Information for Patients
Also called: Nervous system diseases
The brain, spinal cord, and nerves make up the nervous system. Together they control all the workings of the body. When something goes wrong with a part of your nervous system, you can have trouble moving, speaking, swallowing, breathing, or learning. You can also have problems with your memory, senses, or mood.
There are more than 600 neurologic diseases. Major types include
- Diseases caused by faulty genes, such as Huntington's disease and muscular dystrophy
- Problems with the way the nervous system develops, such as spina bifida
- Degenerative diseases, where nerve cells are damaged or die, such as Parkinson's disease and Alzheimer's disease
- Diseases of the blood vessels that supply the brain, such as stroke
- Injuries to the spinal cord and brain
- Seizure disorders, such as epilepsy
- Cancer, such as brain tumors
- infections, such as meningitis
- Cerebral spinal fluid (CSF) collection
Also called: TB
Tuberculosis (TB) is a disease caused by bacteria called Mycobacterium tuberculosis. The bacteria usually attack the lungs, but they can also damage other parts of the body.
TB spreads through the air when a person with TB of the lungs or throat coughs, sneezes, or talks. If you have been exposed, you should go to your doctor for tests. You are more likely to get TB if you have a weak immune system.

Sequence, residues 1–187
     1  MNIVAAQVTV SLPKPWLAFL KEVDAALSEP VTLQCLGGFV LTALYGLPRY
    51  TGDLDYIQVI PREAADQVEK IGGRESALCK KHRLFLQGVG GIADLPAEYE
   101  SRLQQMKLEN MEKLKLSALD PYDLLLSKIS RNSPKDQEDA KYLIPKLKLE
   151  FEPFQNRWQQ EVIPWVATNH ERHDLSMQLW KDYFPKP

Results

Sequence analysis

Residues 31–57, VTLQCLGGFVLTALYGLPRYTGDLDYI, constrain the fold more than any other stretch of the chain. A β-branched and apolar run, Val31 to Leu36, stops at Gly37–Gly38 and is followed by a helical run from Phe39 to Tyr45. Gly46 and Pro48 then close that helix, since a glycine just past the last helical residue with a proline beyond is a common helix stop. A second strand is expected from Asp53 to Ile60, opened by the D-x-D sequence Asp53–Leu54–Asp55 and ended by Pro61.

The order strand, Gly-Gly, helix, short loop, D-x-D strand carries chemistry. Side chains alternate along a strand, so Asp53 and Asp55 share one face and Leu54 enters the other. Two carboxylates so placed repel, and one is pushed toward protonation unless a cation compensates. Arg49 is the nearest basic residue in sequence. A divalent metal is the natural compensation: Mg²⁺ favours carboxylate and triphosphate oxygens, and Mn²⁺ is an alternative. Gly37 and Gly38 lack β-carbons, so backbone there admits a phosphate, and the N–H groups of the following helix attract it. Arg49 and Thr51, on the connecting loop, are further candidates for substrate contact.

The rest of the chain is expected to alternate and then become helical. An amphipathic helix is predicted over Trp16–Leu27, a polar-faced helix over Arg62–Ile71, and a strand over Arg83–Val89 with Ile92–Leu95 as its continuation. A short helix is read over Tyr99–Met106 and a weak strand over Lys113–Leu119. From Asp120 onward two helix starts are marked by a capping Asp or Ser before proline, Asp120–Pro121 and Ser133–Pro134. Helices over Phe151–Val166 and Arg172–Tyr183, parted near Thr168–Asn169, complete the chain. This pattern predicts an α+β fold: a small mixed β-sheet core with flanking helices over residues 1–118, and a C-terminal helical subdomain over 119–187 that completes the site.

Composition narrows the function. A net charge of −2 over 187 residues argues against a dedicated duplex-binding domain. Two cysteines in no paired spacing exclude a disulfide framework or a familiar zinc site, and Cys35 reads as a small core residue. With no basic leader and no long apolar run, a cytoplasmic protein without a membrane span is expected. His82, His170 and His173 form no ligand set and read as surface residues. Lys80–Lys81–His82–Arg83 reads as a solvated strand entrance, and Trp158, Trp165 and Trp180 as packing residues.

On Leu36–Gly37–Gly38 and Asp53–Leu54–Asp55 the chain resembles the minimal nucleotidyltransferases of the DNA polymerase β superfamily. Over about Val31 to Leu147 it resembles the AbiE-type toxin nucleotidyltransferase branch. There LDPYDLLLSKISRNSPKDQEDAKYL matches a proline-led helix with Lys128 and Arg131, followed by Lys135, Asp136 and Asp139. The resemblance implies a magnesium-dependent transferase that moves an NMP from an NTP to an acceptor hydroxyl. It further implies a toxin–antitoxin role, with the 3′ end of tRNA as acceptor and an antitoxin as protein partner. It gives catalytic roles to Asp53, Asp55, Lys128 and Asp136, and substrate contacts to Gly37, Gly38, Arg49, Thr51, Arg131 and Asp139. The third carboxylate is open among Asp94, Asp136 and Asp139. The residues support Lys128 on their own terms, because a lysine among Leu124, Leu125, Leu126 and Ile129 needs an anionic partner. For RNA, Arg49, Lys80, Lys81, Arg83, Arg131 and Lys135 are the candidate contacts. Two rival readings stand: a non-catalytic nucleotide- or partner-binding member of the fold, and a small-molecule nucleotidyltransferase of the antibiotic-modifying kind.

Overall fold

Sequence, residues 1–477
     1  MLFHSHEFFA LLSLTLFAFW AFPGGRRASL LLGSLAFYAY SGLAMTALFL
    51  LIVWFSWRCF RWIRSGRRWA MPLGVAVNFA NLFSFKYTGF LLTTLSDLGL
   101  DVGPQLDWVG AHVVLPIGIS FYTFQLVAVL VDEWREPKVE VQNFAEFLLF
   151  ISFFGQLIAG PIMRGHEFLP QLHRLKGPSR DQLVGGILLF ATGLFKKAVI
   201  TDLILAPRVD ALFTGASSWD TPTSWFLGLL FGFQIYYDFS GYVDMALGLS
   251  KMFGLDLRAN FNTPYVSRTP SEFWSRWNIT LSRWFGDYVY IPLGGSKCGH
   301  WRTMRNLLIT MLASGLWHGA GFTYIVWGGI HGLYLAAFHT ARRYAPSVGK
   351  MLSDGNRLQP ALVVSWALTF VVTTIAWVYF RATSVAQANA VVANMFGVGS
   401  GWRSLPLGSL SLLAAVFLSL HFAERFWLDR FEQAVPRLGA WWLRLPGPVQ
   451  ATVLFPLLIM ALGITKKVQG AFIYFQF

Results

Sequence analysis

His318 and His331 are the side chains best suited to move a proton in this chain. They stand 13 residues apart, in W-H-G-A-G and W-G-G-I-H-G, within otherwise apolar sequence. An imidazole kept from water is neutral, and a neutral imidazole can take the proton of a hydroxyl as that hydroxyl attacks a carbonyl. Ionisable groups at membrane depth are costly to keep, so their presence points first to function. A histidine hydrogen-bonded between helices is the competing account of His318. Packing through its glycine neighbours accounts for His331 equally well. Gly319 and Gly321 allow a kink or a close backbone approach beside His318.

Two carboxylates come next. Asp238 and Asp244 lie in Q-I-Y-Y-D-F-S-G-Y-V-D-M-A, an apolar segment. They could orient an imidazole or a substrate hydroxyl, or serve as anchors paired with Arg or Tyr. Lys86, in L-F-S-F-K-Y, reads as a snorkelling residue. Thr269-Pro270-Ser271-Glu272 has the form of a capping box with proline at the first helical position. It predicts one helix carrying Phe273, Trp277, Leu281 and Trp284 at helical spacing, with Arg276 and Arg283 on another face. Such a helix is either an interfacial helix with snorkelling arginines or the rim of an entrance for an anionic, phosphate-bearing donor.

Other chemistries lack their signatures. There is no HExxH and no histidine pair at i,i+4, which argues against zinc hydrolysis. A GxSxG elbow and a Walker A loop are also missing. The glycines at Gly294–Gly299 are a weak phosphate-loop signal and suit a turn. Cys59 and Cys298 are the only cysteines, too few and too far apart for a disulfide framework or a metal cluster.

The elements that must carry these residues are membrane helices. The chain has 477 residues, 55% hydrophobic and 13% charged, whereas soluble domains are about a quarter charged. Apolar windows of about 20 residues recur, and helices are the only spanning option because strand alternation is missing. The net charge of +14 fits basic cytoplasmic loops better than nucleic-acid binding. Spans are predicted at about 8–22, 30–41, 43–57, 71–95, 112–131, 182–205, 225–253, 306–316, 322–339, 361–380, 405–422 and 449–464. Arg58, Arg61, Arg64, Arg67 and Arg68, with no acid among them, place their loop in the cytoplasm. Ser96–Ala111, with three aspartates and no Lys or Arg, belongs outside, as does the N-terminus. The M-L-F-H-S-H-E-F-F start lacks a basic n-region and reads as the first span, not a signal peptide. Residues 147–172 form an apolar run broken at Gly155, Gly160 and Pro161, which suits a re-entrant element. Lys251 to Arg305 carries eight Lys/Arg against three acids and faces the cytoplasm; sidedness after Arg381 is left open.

Symptoms of TB in the lungs may include
- A bad cough that lasts 3 weeks or longer
- Weight loss
- Loss of appetite
- Coughing up blood or mucus
- Weakness or fatigue
- Night sweats
Skin tests, blood tests, x-rays, and other tests can tell if you have TB. If not treated properly, TB can be deadly. You can usually cure active TB by taking several medicines for a long period of time.
NIH: National Institute of Allergy and Infectious Diseases
- Acid-fast stain
- Coughing up blood
- Disseminated tuberculosis
- Meningitis - tuberculous
- Multidrug-Resistant Tuberculosis (MDR TB) (Centers for Disease Control and Prevention)
- Mycobacterial culture
- PPD skin test
- Pulmonary tuberculosis
- Routine sputum culture
- Taking medicines to treat tuberculosis
- Tuberculosis Facts - Exposure to TB (Centers for Disease Control and Prevention)
- Tuberculosis Facts - TB Can Be Treated (Centers for Disease Control and Prevention)
- Tuberculosis Facts - Testing for TB (Centers for Disease Control and Prevention)
- Tuberculosis Facts - You Can Prevent TB (Centers for Disease Control and Prevention)
- Tuberculosis: General Information (Centers for Disease Control and Prevention)
General Equivalence Map Definitions
The ICD-9 and ICD-10 GEMs are used to facilitate linking between the diagnosis codes in ICD-9-CM and the new ICD-10-CM code set. The GEMs are the raw material from which providers, health information vendors and payers can derive specific applied mappings to meet their needs.
- Approximate Flag - The approximate flag is on, indicating that the relationship between the code in the source system and the code in the target system is an approximate equivalent.
- No Map Flag - The no map flag indicates that a code in the source system is not linked to any code in the target system.
- Combination Flag - The combination flag indicates that more than one code in the target system is required to satisfy the full equivalent meaning of a code in the source system.